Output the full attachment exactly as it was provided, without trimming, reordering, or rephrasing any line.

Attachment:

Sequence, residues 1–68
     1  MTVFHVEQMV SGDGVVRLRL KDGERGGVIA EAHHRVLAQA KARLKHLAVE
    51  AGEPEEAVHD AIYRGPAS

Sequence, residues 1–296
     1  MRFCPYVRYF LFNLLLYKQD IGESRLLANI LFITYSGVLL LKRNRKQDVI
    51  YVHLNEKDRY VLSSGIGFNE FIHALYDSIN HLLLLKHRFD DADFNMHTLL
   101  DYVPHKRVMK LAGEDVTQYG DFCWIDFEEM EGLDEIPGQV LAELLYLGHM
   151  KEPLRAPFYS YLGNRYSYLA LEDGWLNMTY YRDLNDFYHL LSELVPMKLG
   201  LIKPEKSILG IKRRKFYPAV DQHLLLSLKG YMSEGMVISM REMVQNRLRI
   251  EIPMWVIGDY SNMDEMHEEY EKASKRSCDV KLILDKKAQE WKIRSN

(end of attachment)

Sequence, residues 1–68
     1  MTVFHVEQMV SGDGVVRLRL KDGERGGVIA EAHHRVLAQA KARLKHLAVE
    51  AGEPEEAVHD AIYRGPAS

Sequence, residues 1–296
     1  MRFCPYVRYF LFNLLLYKQD IGESRLLANI LFITYSGVLL LKRNRKQDVI
    51  YVHLNEKDRY VLSSGIGFNE FIHALYDSIN HLLLLKHRFD DADFNMHTLL
   101  DYVPHKRVMK LAGEDVTQYG DFCWIDFEEM EGLDEIPGQV LAELLYLGHM
   151  KEPLRAPFYS YLGNRYSYLA LEDGWLNMTY YRDLNDFYHL LSELVPMKLG
   201  LIKPEKSILG IKRRKFYPAV DQHLLLSLKG YMSEGMVISM REMVQNRLRI
   251  EIPMWVIGDY SNMDEMHEEY EKASKRSCDV KLILDKKAQE WKIRSN